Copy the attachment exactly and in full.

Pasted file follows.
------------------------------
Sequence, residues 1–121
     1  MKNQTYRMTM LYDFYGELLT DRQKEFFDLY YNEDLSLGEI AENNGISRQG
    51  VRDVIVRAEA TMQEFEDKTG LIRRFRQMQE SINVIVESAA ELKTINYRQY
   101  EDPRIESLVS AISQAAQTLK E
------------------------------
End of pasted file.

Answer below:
Sequence, residues 1–121
     1  MKNQTYRMTM LYDFYGELLT DRQKEFFDLY YNEDLSLGEI AENNGISRQG
    51  VRDVIVRAEA TMQEFEDKTG LIRRFRQMQE SINVIVESAA ELKTINYRQY
   101  EDPRIESLVS AISQAAQTLK E